Dealing With Teenage Anger? 7 Ways To Help An Angry Teen

Last Update on May 28, 2021 : Published on May 30, 2021
Dealing With Teenage Anger

One of the most difficult phases in a person’s life is the teenage years. Whether it’s your life, your child’s, or your subling’s, navigating smoothly when it comes to teen years is not just probable.

The constant outbursts, eye-rolls, and being dramatic – are all part of being or having a teenager. Teens, let’s be honest, are more likely to be overdramatic and petulant but when their outbursts go out of control, it becomes a concern.

But what to do with an angry teenager? How to handle teenage anger?

Dealing with teenage anger and outbursts can be quite challenging and this blog will help you understand what is the difference between teen angst and teen anger and how you, as a parent, guardian, or older sibling can help the teen in your house control their anger.

Teen Angst vs Teen Anger

Teen Angst vs Teen Anger

Lately, I’ve heard people use the term angst a lot but when we talk about a teenager, it can be difficult to define the term angst. In simple terms, angst is the feeling of dread, anxiety, or unease while anger can be described as a feeling of annoyance, hostility, and rage.

For instance, a teen might feel anxious or worried about taking an exam which can make their mood gloomy and negative. This kind of instance can be termed as ‘teen angst’. However, in the same instance, if a teen fails or does less than expected on the exam, they might express their displeasure by snapping at others. This kind of reaction can be termed as ‘teen anger’.

Teenagers who are prone to anxiety are more likely to be angry or develop anger issues. And while angst and anger can follow each other, there’s a slight possibility that a teen’s anger is a result of a teen’s angst.

Why Teens Are Prone To Anger?

Why Teens Are Prone To Anger

One of the main reasons teens develop anger issues or become angry can be because of the hormonal changes that occur in their bodies during puberty. The hormonal changes can make teens more expressive and vulnerable to emotions.

Another reason for teenage anger can be the high level of stress they have to deal with everyday – whether it be school work, academic performance, peer pressure, or parental pressure. The stress they feel almost daily can make them act in a hostile way if they don’t have healthy outlets for their emotions.

Teenagers crave independence. As they grow older they desire autonomy and a right to make their own decisions. If they are constantly under pressure and if a parent or a guardian continues to rebuff their decisions, a teen is more likely to experience anger and frustration.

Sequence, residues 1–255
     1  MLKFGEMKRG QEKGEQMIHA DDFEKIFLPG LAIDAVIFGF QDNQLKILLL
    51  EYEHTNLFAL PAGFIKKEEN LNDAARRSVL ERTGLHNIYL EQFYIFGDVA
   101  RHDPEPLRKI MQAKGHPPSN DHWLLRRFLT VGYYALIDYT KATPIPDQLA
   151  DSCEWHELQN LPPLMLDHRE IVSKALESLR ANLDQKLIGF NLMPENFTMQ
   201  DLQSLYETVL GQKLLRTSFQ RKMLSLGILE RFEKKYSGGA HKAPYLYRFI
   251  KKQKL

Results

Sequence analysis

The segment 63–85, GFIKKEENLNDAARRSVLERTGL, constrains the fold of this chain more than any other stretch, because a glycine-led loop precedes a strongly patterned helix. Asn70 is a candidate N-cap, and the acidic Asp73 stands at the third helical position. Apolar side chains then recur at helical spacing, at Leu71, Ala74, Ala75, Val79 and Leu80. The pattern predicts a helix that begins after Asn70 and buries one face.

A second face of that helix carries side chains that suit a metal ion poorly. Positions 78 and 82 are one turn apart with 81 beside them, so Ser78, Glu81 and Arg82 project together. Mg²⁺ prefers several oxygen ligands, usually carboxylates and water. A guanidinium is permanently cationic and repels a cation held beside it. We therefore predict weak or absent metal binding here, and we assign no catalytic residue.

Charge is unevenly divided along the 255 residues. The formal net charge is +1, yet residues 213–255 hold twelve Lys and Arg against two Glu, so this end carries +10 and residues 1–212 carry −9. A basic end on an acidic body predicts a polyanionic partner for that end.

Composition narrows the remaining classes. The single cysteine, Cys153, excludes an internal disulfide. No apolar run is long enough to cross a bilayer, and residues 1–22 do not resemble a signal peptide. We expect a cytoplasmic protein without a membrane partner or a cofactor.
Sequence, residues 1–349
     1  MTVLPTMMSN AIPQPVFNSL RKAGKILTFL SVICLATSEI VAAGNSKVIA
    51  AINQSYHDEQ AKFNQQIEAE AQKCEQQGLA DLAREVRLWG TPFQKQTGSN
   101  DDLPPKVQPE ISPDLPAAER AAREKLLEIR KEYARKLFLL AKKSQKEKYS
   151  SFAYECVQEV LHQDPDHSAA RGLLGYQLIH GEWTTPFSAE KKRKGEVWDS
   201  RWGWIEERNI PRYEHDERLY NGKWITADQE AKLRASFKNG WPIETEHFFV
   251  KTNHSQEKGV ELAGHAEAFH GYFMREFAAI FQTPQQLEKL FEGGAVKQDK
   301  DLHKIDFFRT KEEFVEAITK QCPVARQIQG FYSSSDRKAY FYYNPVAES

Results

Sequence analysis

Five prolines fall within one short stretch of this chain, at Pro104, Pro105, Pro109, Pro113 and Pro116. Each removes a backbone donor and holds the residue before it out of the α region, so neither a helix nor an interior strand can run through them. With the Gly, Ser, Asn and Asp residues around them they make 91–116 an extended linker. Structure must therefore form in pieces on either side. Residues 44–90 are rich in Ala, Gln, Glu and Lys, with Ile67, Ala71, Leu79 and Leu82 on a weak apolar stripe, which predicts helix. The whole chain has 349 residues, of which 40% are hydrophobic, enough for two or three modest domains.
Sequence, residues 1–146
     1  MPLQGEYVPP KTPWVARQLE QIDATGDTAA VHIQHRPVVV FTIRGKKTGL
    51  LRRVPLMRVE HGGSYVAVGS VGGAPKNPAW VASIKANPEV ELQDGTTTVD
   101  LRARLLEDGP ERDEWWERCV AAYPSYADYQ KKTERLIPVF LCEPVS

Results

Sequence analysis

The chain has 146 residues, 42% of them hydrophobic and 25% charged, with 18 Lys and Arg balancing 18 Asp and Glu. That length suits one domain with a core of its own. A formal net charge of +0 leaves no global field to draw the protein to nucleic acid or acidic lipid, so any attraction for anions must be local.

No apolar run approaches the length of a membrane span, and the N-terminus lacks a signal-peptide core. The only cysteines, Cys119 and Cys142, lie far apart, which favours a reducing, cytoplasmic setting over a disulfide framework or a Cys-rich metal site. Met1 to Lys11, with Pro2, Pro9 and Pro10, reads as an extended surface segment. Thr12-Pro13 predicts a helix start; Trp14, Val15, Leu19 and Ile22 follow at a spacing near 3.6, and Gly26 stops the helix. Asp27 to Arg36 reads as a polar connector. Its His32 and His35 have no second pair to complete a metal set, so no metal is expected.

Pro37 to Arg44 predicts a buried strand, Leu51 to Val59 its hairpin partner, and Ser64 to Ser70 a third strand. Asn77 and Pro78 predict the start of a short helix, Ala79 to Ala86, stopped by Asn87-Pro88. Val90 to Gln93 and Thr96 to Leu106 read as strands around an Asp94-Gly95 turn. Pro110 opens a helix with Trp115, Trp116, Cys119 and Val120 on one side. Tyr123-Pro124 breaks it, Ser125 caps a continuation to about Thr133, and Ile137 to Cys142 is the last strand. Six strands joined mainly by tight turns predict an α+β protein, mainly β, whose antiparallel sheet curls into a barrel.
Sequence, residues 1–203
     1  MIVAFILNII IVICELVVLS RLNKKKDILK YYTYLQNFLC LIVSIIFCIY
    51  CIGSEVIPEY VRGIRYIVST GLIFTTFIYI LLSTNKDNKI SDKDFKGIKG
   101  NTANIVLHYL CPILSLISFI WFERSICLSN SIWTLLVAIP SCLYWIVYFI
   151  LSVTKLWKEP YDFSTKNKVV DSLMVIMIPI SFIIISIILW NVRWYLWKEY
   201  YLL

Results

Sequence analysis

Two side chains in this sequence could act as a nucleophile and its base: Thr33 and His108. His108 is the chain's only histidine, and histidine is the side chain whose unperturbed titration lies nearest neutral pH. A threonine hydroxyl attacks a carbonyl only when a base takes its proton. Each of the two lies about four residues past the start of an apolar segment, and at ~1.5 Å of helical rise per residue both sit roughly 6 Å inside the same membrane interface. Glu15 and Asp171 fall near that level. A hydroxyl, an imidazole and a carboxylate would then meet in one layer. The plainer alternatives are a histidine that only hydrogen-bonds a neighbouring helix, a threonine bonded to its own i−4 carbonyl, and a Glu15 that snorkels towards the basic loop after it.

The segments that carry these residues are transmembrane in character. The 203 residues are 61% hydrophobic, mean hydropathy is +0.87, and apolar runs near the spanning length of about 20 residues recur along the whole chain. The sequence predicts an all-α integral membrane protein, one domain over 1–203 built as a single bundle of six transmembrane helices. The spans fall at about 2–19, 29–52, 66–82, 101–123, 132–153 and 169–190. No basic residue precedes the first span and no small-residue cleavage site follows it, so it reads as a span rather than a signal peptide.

Parents, please keep in mind that even though your teen is snapping at you and expressing their anger, it is normal. Anger is a strong emotion but it can be a response to fear and stress. In some cases, especially in a teen’s, anger is a self-defense mechanism and can be triggered by the fight or flight response.

Anger isn’t the problem, it is the aggression that should be of concern.

How To Deal With An Angry Teenager?

How To Deal With An Angry Teenager

Here are 7 effective ways that can help you help your teen and their anger:

1. Present A Good Example

Teens pick up what they hear, see, and experience. It is very important to set a good example for your teen to follow. If you can’t handle your anger, they will not know how to handle theirs either. No one is a master at anger management but if you set an example on how to control emotions, it will help your teen learn to control theirs.

If you get angry and lose your temper on small things, it will only encourage your teen to act that way. So present a good example for your teen before you expect them to do anything else.

2. Keep An Eye On Their Influences

Teenagers are more likely to be influenced by their peers and social media – the two things they spend their time with most. I’m not saying that you spy on them and track them constantly. Doing this will only take the trust out of your relationship with your teen. Trust them to make their own choices but keep an eye on their influences.

Maybe their anger is a new habit they’ve picked up from a peer or maybe their aggression is because of a video they saw on social media. Stay vigilant and trust your teen to make the right choices. If they veer off from their path, gently turn them back towards it.

3. Set Rules And Boundaries